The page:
Tim picked his fingers and stared at the chips and dints in the plaster. It didn’t much matter to him that Jan thought a coat of paint might freshen the place up.
Changing his view to the window, he looked out onto the suburban jungle of rampant brambles and strangled dandelions that once was a garden.
Progressively, his twitchy fingers clenched into tight fists as his breathing came in short, sharp rasps. He cried out in anger,
“WHERE ARE YOU GOD?”
The sound of the freshly made tea tray crashing up against the wall sent Jan hurtling upstairs. “Nice one Tim!” She glowered. “I suppose that’s God’s fault too?” Tim turned to face his young wife.
“Jan, what’s happening to me?”
“Nothing much; you’ve turned into a juvenile brat, that’s all!” She grabbed a coat, slammed the door hard behind her, and stomped off down the road.
Di’s door, always open to Jan, invited her to march right in, fling her coat on the dog and yell,
“HELP! MEGA MELTDOWN!”
“On call crisis team, open for business,” Di called from the kitchen. “Coffee’s on; sit!” The dog sat; confused.com. Jan lingered in rampage mode, bursting to spill her woes to her friend and confidante.
“He blames God because he’s been made redundant. We’ve sold the car and cancelled our vacation. We’re struggling to meet the bills; but hey, we’ve got food on the table, a bed to sleep in and I’m still doing a couple of days on the market stall.” She paused for air.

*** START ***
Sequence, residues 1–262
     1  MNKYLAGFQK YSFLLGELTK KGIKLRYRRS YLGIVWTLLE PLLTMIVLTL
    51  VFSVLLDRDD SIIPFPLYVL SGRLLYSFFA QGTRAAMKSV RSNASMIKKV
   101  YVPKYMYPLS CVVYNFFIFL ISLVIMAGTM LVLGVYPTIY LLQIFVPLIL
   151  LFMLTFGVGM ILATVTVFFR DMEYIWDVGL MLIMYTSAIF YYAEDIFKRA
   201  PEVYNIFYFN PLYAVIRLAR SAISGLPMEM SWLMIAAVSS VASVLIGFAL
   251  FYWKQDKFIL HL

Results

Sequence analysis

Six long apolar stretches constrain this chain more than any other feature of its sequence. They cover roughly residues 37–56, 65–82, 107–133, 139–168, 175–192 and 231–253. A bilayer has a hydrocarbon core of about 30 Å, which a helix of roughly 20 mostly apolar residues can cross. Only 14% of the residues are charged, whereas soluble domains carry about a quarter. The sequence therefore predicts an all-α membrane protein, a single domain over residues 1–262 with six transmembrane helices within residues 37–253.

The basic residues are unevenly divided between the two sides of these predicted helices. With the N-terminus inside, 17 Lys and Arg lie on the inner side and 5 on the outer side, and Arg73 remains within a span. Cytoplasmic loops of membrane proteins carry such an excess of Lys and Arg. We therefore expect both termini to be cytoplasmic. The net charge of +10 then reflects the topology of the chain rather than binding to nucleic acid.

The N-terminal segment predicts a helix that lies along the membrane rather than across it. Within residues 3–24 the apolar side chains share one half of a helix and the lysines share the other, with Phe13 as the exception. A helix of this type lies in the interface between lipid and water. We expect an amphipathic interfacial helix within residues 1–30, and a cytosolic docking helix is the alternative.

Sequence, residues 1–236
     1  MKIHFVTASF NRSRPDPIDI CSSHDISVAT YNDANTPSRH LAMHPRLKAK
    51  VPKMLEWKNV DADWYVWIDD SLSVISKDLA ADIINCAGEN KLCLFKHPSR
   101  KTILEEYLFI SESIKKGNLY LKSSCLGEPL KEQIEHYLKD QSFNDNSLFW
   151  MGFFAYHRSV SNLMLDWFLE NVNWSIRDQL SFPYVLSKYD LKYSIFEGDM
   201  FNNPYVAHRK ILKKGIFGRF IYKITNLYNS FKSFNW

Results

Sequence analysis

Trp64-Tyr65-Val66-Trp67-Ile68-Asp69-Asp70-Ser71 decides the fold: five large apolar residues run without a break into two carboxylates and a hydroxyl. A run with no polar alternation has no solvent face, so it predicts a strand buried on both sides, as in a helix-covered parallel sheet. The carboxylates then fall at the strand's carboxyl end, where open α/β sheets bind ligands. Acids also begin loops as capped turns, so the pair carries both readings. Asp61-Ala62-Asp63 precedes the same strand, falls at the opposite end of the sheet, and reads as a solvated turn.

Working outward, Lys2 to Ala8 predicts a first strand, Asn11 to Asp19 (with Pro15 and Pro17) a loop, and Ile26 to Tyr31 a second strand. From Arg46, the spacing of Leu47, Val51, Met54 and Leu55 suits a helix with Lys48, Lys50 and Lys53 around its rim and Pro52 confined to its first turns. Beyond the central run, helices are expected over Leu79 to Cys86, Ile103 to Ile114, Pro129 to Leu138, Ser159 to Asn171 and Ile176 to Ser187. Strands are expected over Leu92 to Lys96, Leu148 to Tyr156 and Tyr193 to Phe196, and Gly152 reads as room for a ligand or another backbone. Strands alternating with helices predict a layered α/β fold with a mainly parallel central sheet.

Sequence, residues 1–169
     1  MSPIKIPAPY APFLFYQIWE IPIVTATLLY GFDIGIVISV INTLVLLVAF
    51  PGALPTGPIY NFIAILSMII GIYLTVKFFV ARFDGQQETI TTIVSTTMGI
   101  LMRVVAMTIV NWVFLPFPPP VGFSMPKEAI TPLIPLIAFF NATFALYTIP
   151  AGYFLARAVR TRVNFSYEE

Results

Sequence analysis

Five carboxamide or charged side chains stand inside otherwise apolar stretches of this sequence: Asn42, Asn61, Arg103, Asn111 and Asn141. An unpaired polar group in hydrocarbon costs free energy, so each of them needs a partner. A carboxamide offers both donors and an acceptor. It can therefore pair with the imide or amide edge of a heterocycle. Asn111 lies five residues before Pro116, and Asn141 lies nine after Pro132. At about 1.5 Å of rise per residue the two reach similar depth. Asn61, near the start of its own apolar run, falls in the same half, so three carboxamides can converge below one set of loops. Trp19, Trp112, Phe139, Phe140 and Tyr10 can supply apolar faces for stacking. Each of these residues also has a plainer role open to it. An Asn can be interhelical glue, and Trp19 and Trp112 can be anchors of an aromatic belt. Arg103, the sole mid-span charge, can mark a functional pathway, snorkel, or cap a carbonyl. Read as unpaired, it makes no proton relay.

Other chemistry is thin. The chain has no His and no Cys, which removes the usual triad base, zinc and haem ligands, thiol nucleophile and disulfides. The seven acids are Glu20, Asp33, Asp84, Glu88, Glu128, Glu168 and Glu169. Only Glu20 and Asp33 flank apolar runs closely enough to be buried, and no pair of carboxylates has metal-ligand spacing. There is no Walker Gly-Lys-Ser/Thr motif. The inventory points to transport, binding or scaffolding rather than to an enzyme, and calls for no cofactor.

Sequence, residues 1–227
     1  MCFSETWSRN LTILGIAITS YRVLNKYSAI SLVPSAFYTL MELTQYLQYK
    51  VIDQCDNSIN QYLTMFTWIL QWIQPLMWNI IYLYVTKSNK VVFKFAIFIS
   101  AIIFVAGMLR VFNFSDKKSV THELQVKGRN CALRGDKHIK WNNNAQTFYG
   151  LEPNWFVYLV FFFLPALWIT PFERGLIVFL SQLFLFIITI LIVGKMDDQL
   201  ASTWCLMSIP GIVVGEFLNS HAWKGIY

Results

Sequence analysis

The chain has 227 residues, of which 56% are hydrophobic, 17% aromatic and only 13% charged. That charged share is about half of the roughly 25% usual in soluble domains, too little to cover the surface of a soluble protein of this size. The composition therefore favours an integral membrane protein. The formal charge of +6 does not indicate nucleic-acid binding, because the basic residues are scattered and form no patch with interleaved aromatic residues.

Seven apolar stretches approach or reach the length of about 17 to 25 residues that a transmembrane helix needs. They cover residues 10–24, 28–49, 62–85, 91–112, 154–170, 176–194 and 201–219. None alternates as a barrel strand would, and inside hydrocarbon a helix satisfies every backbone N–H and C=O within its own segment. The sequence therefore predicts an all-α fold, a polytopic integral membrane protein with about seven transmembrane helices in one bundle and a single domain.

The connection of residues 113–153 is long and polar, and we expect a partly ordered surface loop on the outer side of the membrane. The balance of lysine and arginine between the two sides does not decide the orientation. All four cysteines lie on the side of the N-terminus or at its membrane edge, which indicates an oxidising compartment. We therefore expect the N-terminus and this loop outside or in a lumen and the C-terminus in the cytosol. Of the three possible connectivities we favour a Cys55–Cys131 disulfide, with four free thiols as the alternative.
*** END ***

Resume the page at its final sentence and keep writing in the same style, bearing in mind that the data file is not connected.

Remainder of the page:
“Times are difficult for everyone Jan, but …”
“There’s babies starving to death in Africa; lives devastated through conflicts and earthquakes, and he bellyaches because the firm went bust.”
“Jan, it’s hard for a man to lose his …”
“And he has these ridiculous anxiety attacks. I mean, where’s his faith Di? He won’t accept that God’s looking after us.”
“Jan, will you please listen to…”
“He won’t even go out to straighten up the garden. It’s a disgrace; he’s a disgrace, crumbling at the first hurdle. Where’s his pride?”
“Are you done?”
“Sorry.” Di passed the Kleenex and opened the window to let out the steam.
“Jan, it seems to me that you’re being the strong one here, and you’re the only person Tim can vent his frustration on. You’re two halves of a whole, and right now Tim needs to be able to lean on you.”
Jan did not like the idea. Tim was the strong one. Being dependable was Tim’s role. It had always been that way, ever since they met. Di should know that, but she rattled on regardless.
“You’re both suffering, but you blame Tim and Tim blames God. Who does God blame?” Di saw the cogwheels turning deep inside Jan’s puffy, red eyes.
“Remember, he promised to keep you in perfect peace. Isaiah 26:3 (NIRV) Do you trust Him to do that? And didn’t Jesus mention the futility of worrying in Matthew 6:27 (NIRV)
“Are either of you talking to God? Or are you hollering at Him; demanding your rights?” Jan looked sullen.
“Tim demands. I rest in God’s love.” Di peeped over her spectacles, with her very best incredulous look.
“You don’t look restful to me Jan. And there you go, laying blame again.” Jan stared at the floor and sighed deeply, from the tip of her toes.
“We’ve lost touch, haven’t we? Lost touch with God; lost touch with each other.” Di smiled,
“It happens. Life gets busy and God gets His nose pushed out. Good job He’s quick to forgive.” They hugged closely, as soul mates do.
Jan returned home re-energised and with a fresh determination to see this thing through. She marvelled at how her friend always seemed to have the most fitting words of comfort and encouragement to hand, just when she needed them most.
Di looked heavenwards and silently thanked her Heavenly Father for showing up again, spot on cue, with His very words of Truth that she needed to say.
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